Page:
Qatari Foreign Minister Sheikh Mohammed bin Abdulrahman Al Thani (R), and his German counterpart, Sigmar Gabriel, give a joint press conference in the Qatari capital, Doha, July 4, 2017. (AFP photo)
Qatar's Foreign Minister Sheikh Mohammed bin Abdulrahman Al Thani has once again rejected a list of conditions set by Saudi Arabia and allies to restore diplomatic relations with the emirate, saying they are simply unrealistic and unattainable.
"The list is unrealistic and is not actionable," said Al Thani on Tuesday at a joint press conference after talks with German Foreign Minister Sigmar Gabriel in Doha.
The top Qatari diplomat said some terms in the list, such as shutting down Qatar’s broadcaster Al-Jazeera, were against accepted international rules. He added that Qatar has done its best to work out a solution for the dispute with Saudi Arabia and allies which began a month ago over allegations of Qatar's support for terrorism. 
“It's not about terrorism, it's talking about shutting down the freedom of speech,” he said, adding, “The state of Qatar has adopted a very constructive attitude since the beginning of the crisis. We are trying to act mature and discuss the matter.”
Qatari Foreign Minister Sheikh Mohammed bin Abdulrahman Al Thani listens during a joint press conference with his German counterpart in the Qatari capital, Doha, July 4, 2017. (AFP photo)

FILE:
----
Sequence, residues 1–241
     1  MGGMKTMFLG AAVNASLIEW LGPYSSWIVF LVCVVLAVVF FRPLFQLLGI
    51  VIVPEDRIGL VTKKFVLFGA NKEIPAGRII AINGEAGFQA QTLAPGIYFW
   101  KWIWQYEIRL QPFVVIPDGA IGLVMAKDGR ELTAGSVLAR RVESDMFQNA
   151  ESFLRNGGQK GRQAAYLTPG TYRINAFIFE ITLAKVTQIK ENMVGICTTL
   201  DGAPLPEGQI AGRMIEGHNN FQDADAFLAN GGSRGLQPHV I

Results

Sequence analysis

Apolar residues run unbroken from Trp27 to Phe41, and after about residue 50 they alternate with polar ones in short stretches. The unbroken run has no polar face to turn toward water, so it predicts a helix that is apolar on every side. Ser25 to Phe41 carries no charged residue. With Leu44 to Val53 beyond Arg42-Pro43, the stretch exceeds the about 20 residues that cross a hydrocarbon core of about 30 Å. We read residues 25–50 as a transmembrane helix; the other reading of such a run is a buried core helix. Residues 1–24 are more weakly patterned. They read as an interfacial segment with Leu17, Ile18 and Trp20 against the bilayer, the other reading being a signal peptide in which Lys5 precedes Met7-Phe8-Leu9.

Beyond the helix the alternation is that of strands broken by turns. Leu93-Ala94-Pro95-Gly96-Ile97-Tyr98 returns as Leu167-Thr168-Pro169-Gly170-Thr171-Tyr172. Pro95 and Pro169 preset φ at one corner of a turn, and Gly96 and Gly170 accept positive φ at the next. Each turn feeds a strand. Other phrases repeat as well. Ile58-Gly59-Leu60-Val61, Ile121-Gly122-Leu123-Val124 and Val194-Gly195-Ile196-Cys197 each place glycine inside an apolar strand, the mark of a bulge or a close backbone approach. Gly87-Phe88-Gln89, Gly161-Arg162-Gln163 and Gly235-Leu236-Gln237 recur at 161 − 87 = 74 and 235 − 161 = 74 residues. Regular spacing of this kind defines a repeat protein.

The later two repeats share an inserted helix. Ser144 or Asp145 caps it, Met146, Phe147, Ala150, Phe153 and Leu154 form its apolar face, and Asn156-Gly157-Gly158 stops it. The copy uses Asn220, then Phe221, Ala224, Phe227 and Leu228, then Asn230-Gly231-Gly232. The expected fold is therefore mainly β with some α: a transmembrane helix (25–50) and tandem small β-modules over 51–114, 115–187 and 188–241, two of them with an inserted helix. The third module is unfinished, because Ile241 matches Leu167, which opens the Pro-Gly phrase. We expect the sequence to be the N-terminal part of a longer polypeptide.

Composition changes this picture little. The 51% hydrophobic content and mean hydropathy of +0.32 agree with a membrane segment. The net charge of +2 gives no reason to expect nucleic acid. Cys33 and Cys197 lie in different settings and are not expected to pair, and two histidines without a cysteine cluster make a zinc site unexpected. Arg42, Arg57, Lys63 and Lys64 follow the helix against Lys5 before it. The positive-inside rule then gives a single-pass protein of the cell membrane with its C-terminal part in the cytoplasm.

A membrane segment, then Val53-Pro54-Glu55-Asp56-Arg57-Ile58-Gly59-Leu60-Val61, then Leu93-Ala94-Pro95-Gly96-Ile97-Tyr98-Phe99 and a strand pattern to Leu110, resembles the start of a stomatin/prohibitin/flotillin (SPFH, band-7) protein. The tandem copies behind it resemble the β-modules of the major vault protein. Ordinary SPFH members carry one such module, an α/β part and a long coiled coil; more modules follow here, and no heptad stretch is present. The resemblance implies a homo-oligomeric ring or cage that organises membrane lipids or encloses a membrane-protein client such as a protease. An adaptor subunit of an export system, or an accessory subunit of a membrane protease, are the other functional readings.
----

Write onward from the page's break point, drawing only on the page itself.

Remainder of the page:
Saudi Arabia, Bahrain, the United Arab Emirates and Egypt, who have cut ties to Qatar and imposed restrictions on travel and trade with the country, originally gave Doha 10 days to meet the list of 13 demands. The ultimatum expired Sunday and then extended for another 48 hours on a request by emir of Kuwait, who is mediating in the dispute.
Qatar handed its response to Kuwait on Monday but nothing has yet been disclosed of the official document. Al Thani also refused to give further details but said Qatar would continue efforts to find a solution based on dialogue. Qatari officials have denied accusations that they have sponsored terror groups while maintaining that they would remain independent in their foreign policy. The country is part of the (Persian) Gulf Cooperation Council, a regional body which is dominated by Saudi Arabia.
During the press conference on Tuesday, the German foreign minister also hoped that the two sides of the dispute could start talks. Gabriel said he had seen chances of that during meetings on Monday in Saudi Arabia and also in Qatar and that "international bodies" could be involved in the discussions.

[Lifestyle Viral World News][combine][Lifestyle][5]

[Science Viral World News][combine][Science][5]

[Middle East Viral News][featuredpost][Middle East][10]

[African Viral World News][combine][Africa][5]

[Asian Viral News][featuredpost][Asia][10]